On the other hand, health officials in the Telangana government say, on conditions of anonymity, “The confusion over postings in Andhra and Telangana health departments has complicated things and created bitterness among employees. The postings are temporary. So, just as we get settled in our current jobs, there is likely to be another shuffle and we would be transferred  again.”

What the two states need

Commenting on the less than 2 per cent budget allocation to healthcare in Telangana, state cabinet minister K.T. Rama Rao recently said that the government would look at doubling the spending on public healthcare.

“Some states allocate more than 10 percent of their budget to healthcare. We will ensure that sufficient budget allocations are made to government hospitals which beef up accessibility of services,” Mr Rao said at a recent Indo-Global Health Summit.

Development of the public health sector, Mr Rao added, is crucial as nearly 85 per cent of the state's population depends on it.

According to an NRHM report, health expenditures account for more than half of Indian households falling into poverty, with about 39 million Indian people (30·6 million in rural areas and 8·4 million in urban areas) being pushed into poverty every year due to health costs.

Meanwhile, the report of the Sri Krishna Committee, a committee constituted by the Government of India in 2010 to study the situation on bifurcation of (united) Andhra Pradesh, states that the combined public expenditure on healthcare as a share of the State Domestic Product declined from 1.29 per cent in the 7th Five Year Plan to 0.96 per cent in the 8th Five Year Plan and had further declined to 0.76 per cent by 2005-06. Thus, there was a continuous decline in budget allocation to health services even before bifurcation.

On the allocation of budget for healthcare after the splitting of the state, Archana, a development communication specialist working on national health programmes, says the amount which was earlier allocated to the combined state for these programmes would now be divided between the two states.

“The division of funds for health schemes depends on the health indicators in respective regions. It will not have anything to do with the bias of the Centre or any political reason,” she adds.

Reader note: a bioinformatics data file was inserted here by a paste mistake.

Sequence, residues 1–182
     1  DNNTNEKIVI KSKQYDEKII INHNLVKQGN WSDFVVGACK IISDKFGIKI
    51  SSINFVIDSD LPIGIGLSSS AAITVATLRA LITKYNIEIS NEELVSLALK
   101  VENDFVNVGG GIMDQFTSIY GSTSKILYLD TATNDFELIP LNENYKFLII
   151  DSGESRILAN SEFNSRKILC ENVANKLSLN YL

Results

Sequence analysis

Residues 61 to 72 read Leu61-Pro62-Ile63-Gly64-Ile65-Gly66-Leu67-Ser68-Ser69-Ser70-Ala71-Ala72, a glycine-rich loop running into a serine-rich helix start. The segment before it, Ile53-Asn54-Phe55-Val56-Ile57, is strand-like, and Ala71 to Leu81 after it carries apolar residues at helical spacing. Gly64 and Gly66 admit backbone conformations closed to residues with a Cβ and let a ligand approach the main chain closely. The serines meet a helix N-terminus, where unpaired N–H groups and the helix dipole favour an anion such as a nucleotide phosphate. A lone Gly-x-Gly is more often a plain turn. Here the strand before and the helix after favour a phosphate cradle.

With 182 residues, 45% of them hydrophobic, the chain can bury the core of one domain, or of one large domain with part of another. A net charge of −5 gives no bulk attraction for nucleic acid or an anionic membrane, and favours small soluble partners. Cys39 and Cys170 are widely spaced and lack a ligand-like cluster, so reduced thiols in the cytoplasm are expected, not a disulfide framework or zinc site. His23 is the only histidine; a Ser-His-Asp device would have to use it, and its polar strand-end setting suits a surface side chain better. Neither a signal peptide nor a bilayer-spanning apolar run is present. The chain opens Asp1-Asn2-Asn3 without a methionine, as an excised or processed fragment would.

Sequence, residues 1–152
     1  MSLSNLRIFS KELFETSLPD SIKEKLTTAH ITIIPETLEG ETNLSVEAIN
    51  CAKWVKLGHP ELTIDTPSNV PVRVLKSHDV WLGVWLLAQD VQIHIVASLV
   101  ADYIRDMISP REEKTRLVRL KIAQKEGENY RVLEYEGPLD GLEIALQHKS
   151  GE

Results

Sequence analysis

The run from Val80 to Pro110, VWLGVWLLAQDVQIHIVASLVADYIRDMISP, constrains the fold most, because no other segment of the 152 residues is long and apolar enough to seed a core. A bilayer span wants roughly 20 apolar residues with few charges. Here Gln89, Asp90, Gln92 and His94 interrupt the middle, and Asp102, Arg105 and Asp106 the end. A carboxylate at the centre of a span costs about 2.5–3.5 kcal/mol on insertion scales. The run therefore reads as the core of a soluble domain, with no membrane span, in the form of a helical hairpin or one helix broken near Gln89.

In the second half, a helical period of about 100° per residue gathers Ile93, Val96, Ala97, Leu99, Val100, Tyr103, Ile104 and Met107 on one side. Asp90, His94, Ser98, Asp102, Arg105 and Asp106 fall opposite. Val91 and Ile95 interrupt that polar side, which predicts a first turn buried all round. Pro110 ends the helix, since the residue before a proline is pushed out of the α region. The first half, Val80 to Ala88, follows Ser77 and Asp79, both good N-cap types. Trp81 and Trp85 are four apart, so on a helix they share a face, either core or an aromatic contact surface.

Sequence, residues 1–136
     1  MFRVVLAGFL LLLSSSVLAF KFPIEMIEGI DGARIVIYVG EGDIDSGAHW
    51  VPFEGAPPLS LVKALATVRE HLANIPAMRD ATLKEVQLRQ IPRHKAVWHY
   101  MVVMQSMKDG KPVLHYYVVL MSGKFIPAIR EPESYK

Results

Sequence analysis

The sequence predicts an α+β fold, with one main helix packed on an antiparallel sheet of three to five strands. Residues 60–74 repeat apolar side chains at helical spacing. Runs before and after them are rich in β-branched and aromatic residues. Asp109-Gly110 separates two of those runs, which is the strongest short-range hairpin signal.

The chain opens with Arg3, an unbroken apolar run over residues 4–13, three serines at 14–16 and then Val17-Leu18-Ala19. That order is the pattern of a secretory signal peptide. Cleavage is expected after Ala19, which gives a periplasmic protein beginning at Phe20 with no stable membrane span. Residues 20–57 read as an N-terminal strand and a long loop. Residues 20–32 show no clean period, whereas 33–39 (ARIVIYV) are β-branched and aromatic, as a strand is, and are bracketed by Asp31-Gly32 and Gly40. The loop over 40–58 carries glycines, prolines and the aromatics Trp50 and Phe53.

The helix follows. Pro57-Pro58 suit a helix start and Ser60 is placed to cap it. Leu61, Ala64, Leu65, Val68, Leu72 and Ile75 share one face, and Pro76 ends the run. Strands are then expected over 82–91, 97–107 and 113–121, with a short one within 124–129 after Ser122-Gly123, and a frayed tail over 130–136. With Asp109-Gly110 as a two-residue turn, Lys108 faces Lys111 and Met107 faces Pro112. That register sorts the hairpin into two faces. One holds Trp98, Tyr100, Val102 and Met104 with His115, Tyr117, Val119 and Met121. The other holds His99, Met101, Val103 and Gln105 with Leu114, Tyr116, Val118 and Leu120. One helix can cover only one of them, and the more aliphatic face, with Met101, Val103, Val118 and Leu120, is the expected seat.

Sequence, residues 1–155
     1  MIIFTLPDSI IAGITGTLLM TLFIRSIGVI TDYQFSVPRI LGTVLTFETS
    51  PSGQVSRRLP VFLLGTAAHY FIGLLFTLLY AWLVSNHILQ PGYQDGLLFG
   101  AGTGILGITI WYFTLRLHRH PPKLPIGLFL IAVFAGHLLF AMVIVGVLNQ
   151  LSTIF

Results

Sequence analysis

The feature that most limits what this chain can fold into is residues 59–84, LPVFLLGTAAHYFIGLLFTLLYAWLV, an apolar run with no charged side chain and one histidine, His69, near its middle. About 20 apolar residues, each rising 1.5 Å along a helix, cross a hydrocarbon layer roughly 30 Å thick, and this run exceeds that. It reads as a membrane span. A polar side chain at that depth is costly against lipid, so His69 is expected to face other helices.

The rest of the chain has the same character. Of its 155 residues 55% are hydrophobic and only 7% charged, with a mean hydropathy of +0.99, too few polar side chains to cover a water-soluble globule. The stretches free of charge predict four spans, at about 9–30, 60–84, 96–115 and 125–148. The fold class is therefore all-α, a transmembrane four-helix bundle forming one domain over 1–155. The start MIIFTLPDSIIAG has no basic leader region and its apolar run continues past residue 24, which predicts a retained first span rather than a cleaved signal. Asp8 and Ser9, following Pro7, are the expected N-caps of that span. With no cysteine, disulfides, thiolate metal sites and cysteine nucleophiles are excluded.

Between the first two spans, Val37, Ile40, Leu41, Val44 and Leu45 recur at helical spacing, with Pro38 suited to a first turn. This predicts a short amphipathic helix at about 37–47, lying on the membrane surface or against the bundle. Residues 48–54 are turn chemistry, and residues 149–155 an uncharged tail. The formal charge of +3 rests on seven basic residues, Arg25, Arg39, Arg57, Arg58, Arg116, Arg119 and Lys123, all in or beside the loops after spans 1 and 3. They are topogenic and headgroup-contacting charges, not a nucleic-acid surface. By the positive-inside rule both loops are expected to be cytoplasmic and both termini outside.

Other challenges

Another problem staring at both the states is the shortage of doctors. According to the Sri Krishna Committee, Telangana excluding Hyderabad trails behind Rayalaseema and coastal Andhra in terms of the availability of doctors.

Dialysis unit of RIMS Hospital in Srikakulam. Pic courtesy: Aarogyasri Trust

Of the 17,000 (government) hospital beds in Telangana in 2009, as many as 6,700 were located in Hyderabad. Over 1,400 of the total 4,000 doctors in Telangana (in the government sector) are in Hyderabad. Thus the availability of hospital beds and doctors per lakh of population in Hyderabad was approximately three times the state average.

The high concentration of doctors in Hyderabad makes the average availability in Telangana including Hyderabad a little more than the state average but when Hyderabad is excluded from Telangana, it falls behind the state average and the other two regions.

Given that the Telangana Rashtra Samithi (TRS) is struggling to keep its poll promise of setting up a super-speciality hospital in every district and the Telugu Desam Party is planning to focus on privatisation of healthcare, both the states would require nearly 5,000 doctors, say experts.

Besides qualified doctors, the healthcare system also needs paramedics like ANMs (Ancillary Nurse Midwife) or multi-purpose health assistants. The united state had 27,713 such workers while 2,305 posts remain vacant.

Dr. B. Bhaskara Rao of KIMS hospitals affirms that both states need to focus on improving services and infrastructure at government hospitals. "This will strike a balance between corporate and government facilities," he adds.

As things are yet to take shape for the two states, “one can only wait and hope that they don't damage the ailing healthcare sector further,” says Kaustav.

(* Name changed to protect the identity of the person)